Constantine III

Maximus 409 – 411 A.D.

Following the usurpation of Constantine III, Spain was caught in the difficult decision of whether to support the insurgency or remain loyal to Rome. Constantine III abandoned Britain carrying with him most of his forces to settle in Gaul so as to consolidate his power base in the region. He sent a detachment into Spain and the province readily seceded and sided with Constantine. However, the occupying forces of Constantine in Spain soon faced internal power struggles with local barbarian tribes. When word of this strife reached Constantine a delegation was sent to Spain to intervene. Gerontius,...

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Constans II c.409 – 411 A.D.

Not to be confused with the better known "Constans II" of the Byzantine period, Constans was the son of usurper Constantine III who rebelled against Honorius from his base in Britain. Constantine III racked up several early military successes and added Gaul and Spain to his domains. At the height of his glory days he elevated his son to co-emperor clearly showing his dynastic aspirations. Constans, whose real name prior to accession is unknown, was sent to Spain to quell a loyalist revolt. While the revolt was suppressed in short order, Constans left the independent-minded Gerontius in charge...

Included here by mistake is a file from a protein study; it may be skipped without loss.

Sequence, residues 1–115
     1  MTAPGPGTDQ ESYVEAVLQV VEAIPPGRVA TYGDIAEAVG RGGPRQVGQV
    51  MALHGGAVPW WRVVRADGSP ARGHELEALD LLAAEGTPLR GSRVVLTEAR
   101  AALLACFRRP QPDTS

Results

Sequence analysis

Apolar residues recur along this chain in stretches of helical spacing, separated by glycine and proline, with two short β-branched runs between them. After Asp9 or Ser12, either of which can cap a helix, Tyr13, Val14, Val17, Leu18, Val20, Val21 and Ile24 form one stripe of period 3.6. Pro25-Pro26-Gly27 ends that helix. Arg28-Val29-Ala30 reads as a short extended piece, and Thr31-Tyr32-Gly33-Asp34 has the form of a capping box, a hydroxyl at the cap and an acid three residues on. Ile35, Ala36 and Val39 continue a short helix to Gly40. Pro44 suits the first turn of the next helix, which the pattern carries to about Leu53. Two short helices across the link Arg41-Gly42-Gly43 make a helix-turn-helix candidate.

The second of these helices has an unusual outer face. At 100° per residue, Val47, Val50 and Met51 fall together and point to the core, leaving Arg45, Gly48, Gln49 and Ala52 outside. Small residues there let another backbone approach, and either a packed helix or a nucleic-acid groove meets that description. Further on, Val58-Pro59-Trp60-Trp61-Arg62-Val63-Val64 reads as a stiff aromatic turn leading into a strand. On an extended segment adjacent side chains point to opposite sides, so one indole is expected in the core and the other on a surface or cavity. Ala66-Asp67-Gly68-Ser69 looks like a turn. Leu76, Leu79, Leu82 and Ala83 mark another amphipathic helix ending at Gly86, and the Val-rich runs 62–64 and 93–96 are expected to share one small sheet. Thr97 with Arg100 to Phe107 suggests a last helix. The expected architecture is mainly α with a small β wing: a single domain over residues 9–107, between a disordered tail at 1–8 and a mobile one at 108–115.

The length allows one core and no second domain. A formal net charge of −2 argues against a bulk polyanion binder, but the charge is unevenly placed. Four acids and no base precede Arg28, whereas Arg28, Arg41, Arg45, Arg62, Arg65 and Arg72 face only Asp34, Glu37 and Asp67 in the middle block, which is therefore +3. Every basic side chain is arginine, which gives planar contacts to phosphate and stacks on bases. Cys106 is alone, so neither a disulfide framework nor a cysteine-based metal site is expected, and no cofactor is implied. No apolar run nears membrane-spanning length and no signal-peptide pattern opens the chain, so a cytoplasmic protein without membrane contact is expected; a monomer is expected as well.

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Constantine III 407 – 411 A.D

Of no relation whatsoever to the Constantinian dynasty of the previous century, Constantine was a common soldier based in Britain. He was acclaimed emperor by his fellow soldiers in 407 after Germanic tribes posed an imminent threat that Rome was unwilling to deal with. It seems he then gathered these soldiers, abandons Britain and settles in Arelate. Soon after he names his son co-emperor, renames him Constans (again, to keep appearances) and sets off to consolidate and expand his territory. Constantine is then able to subdue Spain into his domain but loses it shortly afterwards when a revolt...

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